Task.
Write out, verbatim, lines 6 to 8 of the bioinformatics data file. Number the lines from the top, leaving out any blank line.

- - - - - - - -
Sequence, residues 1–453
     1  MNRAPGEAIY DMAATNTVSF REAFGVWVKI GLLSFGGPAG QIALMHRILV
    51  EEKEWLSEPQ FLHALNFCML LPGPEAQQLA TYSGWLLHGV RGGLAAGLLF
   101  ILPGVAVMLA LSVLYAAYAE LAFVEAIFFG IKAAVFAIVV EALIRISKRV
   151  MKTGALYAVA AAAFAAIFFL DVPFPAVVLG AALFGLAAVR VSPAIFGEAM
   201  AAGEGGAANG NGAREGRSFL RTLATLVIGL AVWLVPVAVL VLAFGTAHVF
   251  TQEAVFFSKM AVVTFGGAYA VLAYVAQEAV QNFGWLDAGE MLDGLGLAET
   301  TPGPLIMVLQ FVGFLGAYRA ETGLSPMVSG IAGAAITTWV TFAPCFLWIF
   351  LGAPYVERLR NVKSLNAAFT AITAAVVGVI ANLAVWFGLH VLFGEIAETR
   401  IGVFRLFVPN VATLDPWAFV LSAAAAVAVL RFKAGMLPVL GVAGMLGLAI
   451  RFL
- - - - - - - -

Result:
   201  AAGEGGAANG NGAREGRSFL RTLATLVIGL AVWLVPVAVL VLAFGTAHVF
   251  TQEAVFFSKM AVVTFGGAYA VLAYVAQEAV QNFGWLDAGE MLDGLGLAET
   301  TPGPLIMVLQ FVGFLGAYRA ETGLSPMVSG IAGAAITTWV TFAPCFLWIF